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    ABSTRACT: The purpose of our study was to assess the usefulness of dynamic MRI in distinguishing high-flow vascular malformations from low-flow vascular malformations, which do not need angiography for treatment. Between September 2001 and January 2003, 16 patients who underwent conventional and dynamic MRI had peripheral vascular malformations (six high- and 10 low-flow). The temporal resolution of dynamic MRI was 5 sec. Time intervals between beginning of enhancement of an arterial branch in the vicinity of a lesion in the same slice and the onset of enhancement in the lesion were calculated. We defined these time intervals as "artery-lesion enhancement time." Time intervals between the onset of enhancement in the lesion and the time of the maximal percentage of enhancement above baseline of the lesion within 120 sec were measured. We defined these time intervals as "contrast rise time" of the lesion. Diagnosis of the peripheral vascular malformations was based on angiographic or venographic findings. The mean artery-lesion enhancement time of the high-flow vascular malformations (3.3 sec [range, 0-5 sec]) was significantly shorter than that of the low-flow vascular malformations (8.8 sec [range, 0-20 sec]) (Mann-Whitney test, p < 0.05). The mean maximal lesion enhancement time of the high-flow vascular malformations (5.8 sec [range, 5-10 sec]) was significantly shorter than that of the low-flow vascular malformations (88.4 sec [range, 50-100 sec]) (Mann-Whitney test, p < 0.01). Dynamic MRI is useful for distinguishing high-flow from low-flow vascular malformations, especially when the contrast rise time of the lesion is measured.
    American Journal of Roentgenology 12/2005; 185(5):1131-7. · 2.74 Impact Factor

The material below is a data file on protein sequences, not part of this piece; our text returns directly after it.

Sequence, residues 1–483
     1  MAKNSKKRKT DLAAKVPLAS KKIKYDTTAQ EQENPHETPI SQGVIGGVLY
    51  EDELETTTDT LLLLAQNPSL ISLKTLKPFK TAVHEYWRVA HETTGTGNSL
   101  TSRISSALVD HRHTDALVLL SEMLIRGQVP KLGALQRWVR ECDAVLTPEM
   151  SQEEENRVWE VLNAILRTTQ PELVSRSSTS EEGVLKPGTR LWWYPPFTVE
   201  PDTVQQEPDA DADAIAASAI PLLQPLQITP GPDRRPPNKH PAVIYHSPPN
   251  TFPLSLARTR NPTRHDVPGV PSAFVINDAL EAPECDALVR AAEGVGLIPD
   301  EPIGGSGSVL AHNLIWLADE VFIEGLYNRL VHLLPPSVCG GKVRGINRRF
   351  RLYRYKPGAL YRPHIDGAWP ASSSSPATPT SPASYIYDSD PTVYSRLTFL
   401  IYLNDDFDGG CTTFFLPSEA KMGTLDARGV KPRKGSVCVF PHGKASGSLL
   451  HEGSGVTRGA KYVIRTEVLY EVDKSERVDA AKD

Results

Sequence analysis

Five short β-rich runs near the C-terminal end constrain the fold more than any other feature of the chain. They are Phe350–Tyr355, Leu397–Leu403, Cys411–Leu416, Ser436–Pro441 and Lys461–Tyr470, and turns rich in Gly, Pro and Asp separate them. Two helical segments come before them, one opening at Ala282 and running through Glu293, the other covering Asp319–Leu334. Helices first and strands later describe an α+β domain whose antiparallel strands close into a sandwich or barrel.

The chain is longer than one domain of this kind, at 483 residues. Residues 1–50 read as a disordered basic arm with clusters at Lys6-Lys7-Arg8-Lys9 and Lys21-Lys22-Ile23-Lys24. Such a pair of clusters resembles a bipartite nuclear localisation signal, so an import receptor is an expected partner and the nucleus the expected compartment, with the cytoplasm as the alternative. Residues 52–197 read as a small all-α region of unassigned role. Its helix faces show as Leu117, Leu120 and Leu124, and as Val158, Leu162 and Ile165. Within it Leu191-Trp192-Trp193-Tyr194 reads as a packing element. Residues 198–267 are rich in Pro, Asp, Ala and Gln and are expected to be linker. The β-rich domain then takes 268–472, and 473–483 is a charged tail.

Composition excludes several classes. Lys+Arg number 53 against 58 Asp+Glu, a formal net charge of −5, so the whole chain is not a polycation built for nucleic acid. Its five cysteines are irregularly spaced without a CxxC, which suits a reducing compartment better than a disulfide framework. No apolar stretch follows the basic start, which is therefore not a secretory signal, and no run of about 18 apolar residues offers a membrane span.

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    ABSTRACT: PURPOSE To establish MR imaging features that may distinguish hemangiomas from high-flow and low-flow vascular malformations (VMs). METHOD AND MATERIALS Twentyseven patients with peripheral vascular anomalies (5 hemangiomas, 6 high-flow VMs and 16 low-flow VMs) underwent conventional and dynamic MR imaging. The temporal resolution of the dynamic MR imaging was 5 sec. Enhancement was calculated by the formula: percentage enhancement = (signal intensity after enhancement – signal intensity before enhancement)/ signal intensity before enhancement ×100. Time intervals between onset of enhancement of the lesion and the maximal percentage enhancement of the lesion were measured and was defined as contrast rise time. Lesions were assessed for presence of flow voids, phleboliths and skin involvement on conventional MR images. Margins, internal homogeneity and signal intensity on T2-weighted images were compared on conventional MR images. RESULTS The mean contrast rise time for hemangiomas was 6.0 sec (range 0-10 sec). The mean contrast rise time for high-flow VMs was 4.2 sec (range 0-5 sec). The mean contrast rise time for low-flow VMs was 83.3 sec (range 50-105 sec). The mean contrast rise time for low-flow VMs was significantly longer than those for hemangiomas and high-flow VMs (Scheffe; P<0.01). There was no significant difference between hemangiomas and high-flow VMs. When compared with high-flow VMs, a significantly greater proportion of hemangiomas consisted of a defined margin (Scheffe; P<0.01), but they did not differ in internal homogeneity and signal intensity on T2-weighted images. Flow voids were observed in 1 hemangioma and 3 high-flow VMs. Phleboliths were seen in 4 low-flow VMs. Involved skin was noted in 4 high-flow VMs and 3 low-flow VMs. CONCLUSION The long contrast rise time separates low-flow VMs from the other lesions. The presence of defined margins and absence of skin involvement is suggestive of a hemangioma when compared with VMs. PURPOSE To establish MR imaging features that may distinguish hemangiomas from high-flow and low-flow vascular malformations (VMs). METHOD AND MATERIALS Twentyseven patients with peripheral vascular anomalies (5 hemangiomas, 6 high-flow VMs and 16 low-flow VMs) underwent conventional and dynamic MR imaging. The temporal resolution of the dynamic MR imaging was 5 sec. Enhancement was calculated by the formula: percentage enhancement = (signal intensity after enhancement – signal intensity before enhancement)/ signal intensity before enhancement ×100. Time intervals between onset of enhancement of the lesion and the maximal percentage enhancement of the lesion were measured and was defined as contrast rise time. Lesions were assessed for presence of flow voids, phleboliths and skin involvement on conventional MR images. Margins, internal homogeneity and signal intensity on T2-weighted images were compared on conventional MR images. RESULTS The mean contrast rise time for hemangiomas was 6.0 sec (range 0-10 sec). The mean contrast rise time for high-flow VMs was 4.2 sec (range 0-5 sec). The mean contrast rise time for low-flow VMs was 83.3 sec (range 50-105 sec). The mean contrast rise time for low-flow VMs was significantly longer than those for hemangiomas and high-flow VMs (Scheffe; P<0.01). There was no significant difference between hemangiomas and high-flow VMs. When compared with high-flow VMs, a significantly greater proportion of hemangiomas consisted of a defined margin (Scheffe; P<0.01), but they did not differ in internal homogeneity and signal intensity on T2-weighted images. Flow voids were observed in 1 hemangioma and 3 high-flow VMs. Phleboliths were seen in 4 low-flow VMs. Involved skin was noted in 4 high-flow VMs and 3 low-flow VMs. CONCLUSION The long contrast rise time separates low-flow VMs from the other lesions. The presence of defined margins and absence of skin involvement is suggestive of a hemangioma when compared with VMs.